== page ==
Sign In Forgot Password

Safe Community for our Mixed Race Daughter

02/09/2023 12:24:44 PM


Guest Blogger, Ashley Holladay


Marrying later in life, Scot and I talked a lot about how we wanted to fill our home with love, charity and faith. We knew forming an interfaith family would bring challenges.  When Daisy became a part of our family, we started thinking of the challenges of finding the right faith community for her. We wanted a community to love and accept people of color, but so much more than just acceptance.  

We are still looking for a perhaps second community where we as white parents will be the minority, and our strong woman of color (five year old daughter) will not. We believe we owe this to Daisy. And additionally we hope it will help us grow to be more aware and sensitive to what we can not see as white parents. Maybe it is not too much to ask that all communities grow in this direction.

The desire to find a Jewish community with a majority of people of color is still hard to imagine in the near future, but why not as soon as possible?

According to a 2020 Pew Research Center survey, only one percent of Jews are Black and four percent are Hispanic.  Raising a mixed-race daughter in a Jewish community where she will be in the majority is unlikely today.  Despite the odds, we have found a Jewish community at CBI that loves our daughter for who she is and does not make her feel unwelcome. But we are still working on that something more.

PNG image.jpeg

Scot and I started coming to CBI before the pandemic.  I remember hearing Spanish being spoken among visitors during one of our early CBI visits.  This gave us hope that CBI was not the statistical norm.  At all of our visits, we would leave so warmed by the presence of same sex families, foster families and adoptive families, LGBTQ members, and especially people of color that joined the services.  This gave me hope that we could practice Judaism and still be faithful to our needs for a diverse community. I do not presume to speak for the experience of other congregants of color at CBI, but in our few years as members, we see intentional leadership.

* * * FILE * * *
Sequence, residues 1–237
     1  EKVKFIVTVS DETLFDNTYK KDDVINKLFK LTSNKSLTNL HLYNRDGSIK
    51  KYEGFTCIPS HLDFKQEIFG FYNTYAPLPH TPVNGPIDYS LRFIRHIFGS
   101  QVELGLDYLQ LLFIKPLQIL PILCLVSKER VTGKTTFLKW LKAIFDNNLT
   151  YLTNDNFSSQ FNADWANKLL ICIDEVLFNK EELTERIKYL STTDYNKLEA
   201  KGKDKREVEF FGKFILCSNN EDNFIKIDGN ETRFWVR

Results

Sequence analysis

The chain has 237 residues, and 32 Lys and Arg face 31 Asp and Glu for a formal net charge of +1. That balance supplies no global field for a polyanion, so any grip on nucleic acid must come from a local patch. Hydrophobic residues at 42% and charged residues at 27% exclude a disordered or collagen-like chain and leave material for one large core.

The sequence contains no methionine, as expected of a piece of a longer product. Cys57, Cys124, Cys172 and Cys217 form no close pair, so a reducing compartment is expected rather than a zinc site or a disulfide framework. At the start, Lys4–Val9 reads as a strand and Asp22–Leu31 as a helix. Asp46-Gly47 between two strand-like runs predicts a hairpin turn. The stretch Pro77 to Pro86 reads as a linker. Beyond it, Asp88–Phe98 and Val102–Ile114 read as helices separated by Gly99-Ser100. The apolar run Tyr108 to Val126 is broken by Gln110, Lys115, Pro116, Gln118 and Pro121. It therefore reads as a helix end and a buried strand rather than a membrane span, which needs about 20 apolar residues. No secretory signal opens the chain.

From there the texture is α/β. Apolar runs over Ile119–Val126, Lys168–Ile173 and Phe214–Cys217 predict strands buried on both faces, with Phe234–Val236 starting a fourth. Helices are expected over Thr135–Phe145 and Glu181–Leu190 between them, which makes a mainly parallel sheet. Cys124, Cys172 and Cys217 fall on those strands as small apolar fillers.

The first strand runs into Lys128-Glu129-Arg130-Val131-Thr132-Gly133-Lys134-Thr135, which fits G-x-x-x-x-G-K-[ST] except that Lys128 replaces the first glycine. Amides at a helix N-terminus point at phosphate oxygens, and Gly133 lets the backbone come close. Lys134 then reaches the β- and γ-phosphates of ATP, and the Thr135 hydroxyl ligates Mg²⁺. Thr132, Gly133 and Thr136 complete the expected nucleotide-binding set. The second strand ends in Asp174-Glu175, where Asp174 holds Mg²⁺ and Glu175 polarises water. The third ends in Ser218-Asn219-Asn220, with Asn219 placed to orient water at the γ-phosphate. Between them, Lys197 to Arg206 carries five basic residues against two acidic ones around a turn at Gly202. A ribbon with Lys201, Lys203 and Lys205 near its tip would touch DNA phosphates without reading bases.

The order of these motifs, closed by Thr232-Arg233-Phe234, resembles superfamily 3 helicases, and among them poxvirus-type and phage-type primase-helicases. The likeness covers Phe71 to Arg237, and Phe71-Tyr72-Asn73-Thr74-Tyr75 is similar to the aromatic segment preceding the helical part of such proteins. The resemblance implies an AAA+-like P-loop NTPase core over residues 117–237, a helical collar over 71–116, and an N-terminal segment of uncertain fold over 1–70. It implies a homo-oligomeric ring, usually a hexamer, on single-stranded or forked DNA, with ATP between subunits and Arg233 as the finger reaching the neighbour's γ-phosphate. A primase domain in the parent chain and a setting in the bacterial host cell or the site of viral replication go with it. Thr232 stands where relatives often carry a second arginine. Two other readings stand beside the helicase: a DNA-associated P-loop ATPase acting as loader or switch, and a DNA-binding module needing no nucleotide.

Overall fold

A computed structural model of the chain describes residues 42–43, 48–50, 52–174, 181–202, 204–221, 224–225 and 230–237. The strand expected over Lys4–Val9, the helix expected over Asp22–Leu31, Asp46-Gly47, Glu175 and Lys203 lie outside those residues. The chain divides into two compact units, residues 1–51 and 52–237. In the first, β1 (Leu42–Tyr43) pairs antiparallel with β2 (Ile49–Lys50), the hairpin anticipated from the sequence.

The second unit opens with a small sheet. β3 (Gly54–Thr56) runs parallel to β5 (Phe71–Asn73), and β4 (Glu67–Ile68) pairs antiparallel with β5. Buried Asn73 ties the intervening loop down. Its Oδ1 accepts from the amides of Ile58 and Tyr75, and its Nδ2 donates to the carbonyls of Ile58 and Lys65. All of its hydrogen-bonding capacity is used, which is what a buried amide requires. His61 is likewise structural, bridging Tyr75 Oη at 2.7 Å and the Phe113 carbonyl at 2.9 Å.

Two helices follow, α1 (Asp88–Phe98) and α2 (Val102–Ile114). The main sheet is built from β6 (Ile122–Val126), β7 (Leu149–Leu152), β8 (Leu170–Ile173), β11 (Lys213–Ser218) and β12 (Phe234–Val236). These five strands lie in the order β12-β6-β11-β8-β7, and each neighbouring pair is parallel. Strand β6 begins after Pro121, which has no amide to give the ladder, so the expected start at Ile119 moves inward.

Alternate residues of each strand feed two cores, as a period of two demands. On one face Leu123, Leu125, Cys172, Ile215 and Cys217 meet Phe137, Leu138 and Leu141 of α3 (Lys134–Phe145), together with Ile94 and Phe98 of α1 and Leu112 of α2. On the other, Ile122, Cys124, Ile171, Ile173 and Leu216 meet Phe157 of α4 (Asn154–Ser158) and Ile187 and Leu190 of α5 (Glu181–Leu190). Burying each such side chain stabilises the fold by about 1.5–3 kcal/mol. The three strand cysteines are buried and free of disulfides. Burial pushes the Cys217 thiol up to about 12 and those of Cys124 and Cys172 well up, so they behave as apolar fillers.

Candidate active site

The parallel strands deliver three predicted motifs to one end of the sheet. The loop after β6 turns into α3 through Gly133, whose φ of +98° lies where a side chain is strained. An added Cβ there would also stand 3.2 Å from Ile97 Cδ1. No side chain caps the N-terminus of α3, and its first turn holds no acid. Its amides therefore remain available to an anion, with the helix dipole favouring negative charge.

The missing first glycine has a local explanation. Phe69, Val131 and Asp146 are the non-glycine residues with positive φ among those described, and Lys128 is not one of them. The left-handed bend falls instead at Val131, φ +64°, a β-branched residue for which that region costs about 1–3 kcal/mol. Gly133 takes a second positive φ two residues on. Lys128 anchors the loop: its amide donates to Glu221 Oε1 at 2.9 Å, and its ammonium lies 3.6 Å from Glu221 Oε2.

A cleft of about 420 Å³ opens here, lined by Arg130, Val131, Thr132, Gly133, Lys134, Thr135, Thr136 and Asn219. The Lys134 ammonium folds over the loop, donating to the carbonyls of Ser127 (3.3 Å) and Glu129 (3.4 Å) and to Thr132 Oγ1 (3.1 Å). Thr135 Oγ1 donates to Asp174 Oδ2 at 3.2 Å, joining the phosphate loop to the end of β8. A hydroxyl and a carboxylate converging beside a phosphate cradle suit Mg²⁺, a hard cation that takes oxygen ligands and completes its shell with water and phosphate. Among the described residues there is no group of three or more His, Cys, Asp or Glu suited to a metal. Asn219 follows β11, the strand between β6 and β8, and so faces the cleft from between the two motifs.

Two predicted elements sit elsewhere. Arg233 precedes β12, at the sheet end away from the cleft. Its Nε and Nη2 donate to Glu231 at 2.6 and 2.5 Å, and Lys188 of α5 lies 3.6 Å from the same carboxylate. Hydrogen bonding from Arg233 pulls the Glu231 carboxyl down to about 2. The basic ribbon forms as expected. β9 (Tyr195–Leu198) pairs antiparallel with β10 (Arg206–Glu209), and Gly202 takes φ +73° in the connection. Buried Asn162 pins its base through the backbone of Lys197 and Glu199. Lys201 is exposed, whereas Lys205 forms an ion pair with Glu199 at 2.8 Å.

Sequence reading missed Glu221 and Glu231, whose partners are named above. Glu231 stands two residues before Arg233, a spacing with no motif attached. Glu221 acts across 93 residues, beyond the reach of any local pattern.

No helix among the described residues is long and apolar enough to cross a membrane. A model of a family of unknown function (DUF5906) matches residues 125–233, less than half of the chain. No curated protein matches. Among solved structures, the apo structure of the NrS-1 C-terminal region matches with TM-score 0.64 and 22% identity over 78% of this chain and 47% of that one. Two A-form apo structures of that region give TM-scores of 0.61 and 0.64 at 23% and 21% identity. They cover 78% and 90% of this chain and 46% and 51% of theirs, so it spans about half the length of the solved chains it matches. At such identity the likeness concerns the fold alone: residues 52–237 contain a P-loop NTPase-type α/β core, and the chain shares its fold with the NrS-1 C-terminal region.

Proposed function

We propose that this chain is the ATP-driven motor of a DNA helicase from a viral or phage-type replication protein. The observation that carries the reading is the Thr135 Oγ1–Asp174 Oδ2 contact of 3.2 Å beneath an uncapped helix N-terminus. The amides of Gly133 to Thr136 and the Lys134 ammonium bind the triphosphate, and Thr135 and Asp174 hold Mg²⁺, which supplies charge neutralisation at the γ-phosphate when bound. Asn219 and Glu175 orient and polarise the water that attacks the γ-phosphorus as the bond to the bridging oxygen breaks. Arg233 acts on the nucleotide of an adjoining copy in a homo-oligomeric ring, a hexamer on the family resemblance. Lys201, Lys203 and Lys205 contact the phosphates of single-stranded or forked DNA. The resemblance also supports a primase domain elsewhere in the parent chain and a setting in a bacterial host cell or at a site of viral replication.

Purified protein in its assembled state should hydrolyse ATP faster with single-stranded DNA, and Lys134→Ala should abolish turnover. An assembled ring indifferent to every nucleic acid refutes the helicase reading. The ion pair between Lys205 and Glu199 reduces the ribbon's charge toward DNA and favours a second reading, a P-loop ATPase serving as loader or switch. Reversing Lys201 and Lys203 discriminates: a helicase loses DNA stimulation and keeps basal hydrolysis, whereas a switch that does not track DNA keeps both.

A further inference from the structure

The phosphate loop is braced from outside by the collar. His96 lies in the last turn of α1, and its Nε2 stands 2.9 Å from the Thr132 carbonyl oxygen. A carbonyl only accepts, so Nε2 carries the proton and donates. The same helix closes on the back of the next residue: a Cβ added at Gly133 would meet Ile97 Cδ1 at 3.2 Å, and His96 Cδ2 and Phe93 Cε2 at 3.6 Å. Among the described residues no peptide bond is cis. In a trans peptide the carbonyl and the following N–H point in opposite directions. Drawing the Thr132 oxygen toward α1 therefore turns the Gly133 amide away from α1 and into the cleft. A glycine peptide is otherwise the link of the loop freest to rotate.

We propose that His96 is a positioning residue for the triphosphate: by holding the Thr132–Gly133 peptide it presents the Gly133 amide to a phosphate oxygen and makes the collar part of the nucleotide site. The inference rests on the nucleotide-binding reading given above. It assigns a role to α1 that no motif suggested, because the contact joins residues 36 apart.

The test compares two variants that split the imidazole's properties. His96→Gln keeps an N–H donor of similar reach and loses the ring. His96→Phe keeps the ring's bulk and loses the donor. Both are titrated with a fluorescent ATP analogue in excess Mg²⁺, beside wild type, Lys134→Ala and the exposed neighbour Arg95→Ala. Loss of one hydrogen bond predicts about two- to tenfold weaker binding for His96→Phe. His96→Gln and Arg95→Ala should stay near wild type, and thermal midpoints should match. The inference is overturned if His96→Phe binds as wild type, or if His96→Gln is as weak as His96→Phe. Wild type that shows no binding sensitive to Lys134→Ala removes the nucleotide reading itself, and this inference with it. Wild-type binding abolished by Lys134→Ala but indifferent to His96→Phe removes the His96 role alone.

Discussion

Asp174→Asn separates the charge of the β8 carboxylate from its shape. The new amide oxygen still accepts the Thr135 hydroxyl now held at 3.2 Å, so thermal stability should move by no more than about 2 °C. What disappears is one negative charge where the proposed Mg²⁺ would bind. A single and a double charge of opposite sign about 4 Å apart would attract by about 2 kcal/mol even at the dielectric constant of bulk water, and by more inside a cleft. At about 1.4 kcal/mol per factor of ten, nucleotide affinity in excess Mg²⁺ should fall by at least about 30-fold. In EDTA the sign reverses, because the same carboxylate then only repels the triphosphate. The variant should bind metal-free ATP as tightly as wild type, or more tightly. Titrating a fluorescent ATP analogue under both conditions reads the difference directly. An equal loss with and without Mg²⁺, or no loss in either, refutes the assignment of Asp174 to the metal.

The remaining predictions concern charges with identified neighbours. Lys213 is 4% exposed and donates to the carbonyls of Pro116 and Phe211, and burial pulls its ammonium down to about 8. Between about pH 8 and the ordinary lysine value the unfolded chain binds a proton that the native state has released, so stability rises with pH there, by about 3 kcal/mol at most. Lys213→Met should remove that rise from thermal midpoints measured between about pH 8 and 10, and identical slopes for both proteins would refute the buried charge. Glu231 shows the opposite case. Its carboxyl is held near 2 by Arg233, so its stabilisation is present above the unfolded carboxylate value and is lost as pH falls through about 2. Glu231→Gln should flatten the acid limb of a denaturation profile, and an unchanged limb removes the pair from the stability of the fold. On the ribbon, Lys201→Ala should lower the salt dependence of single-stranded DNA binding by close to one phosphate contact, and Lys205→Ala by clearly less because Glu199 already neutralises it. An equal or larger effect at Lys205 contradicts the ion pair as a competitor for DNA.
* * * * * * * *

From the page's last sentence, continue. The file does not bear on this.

To provide a little understanding of how we got here, let me take a step back. I met my husband, Scot in 2015 after returning from representing detained families at Dilley Detention center, an immigration "family" detention center. I was quite traumatized, and he was an immediately sympathetic ear, and he soon joined me for a march for immigration reform to the capital. The dissatisfaction with injustice was our starting point. Later, there was a march at the capital for women's rights, and he insisted we all go, including his teenage and preteen sons. He wanted them to understand why people were so upset. He did not want them to dismiss the feelings of the marchers. Later during the Black Lives Matter protests of 2020, we were naturally involved and supportive and dreaming of change in America for our daughter.

To my delight, Daisy started chanting in her toddler dialect "Black Lives Matter" and marching around the house with pretend signs about the same age as when she started to pray the Sh'ma at bedtime.

As her white mom, I do not know all that lies ahead of her as a woman of color, or as a Jew and in addition to her life as a Black and Hispanic Jew in America.  I know she will face discrimination and microaggressions throughout her life, and like any mom, I wish I could shield her from that.  I know that I can at least love her and place her in supportive, loving circles.  I hope she has many loving people, including people of color smarter than me to help her--people who will build her up and help her take on the world with all its flaws, racism and antisemitism.  I hope that the Jewish community at large can be a part of that for her.

Scot and I spend a lot of time thinking about how Daisy will define herself and how to make sure we don't get in her way.  We hope a conversation with Torah and Adonai will be part of the mix.

From the first time we came to a service with Daisy we felt she was loved at CBI for being herself, in all her freedom-loving spiritedness.  As a new mother always second guessing myself, this is a huge blessing.

The more I heard from the D'var Torahs, the more I recognized that being anti-racist was something other people and leaders at CBI also cared about.  I remember hearing Rabbi Folberg say that we should never ask someone who may look different from us or who we might guess did not grow up Jewish to "tell us their story."  I know as a white privileged woman I could have been that person naively asking, and I needed that direct leadership to set the tone for this community to move towards anti-racism. 

It is a wild ride for us, for me, trying to learn how to be a mother and Jewish and be myself, an introvert who nonetheless, in spite of myself, values community.  I know we just can not do this alone and do it right.

We continue to throw ourselves into CBI because of the way you all embrace diversity in the membership. We see love and diverse ways of living and thinking. We know we are not perfect, and accept being part of an imperfect community.  We enjoy seeing new people and introducing them to our family. We see love for everyone and acceptance of others for who they are.

If you have not joined a CBI Erev Shabbat or Shabbat morning service, we recommend joining us. Please come up and say hi- Daisy never met a stranger for long. You will see our lovely daughter running around being herself, and maybe we can get a glimpse of a future of Judaism that is different, diverse, and has a place for us and a lot of self-work to be done.  

Fri, April 19 2024 11 Nisan 5784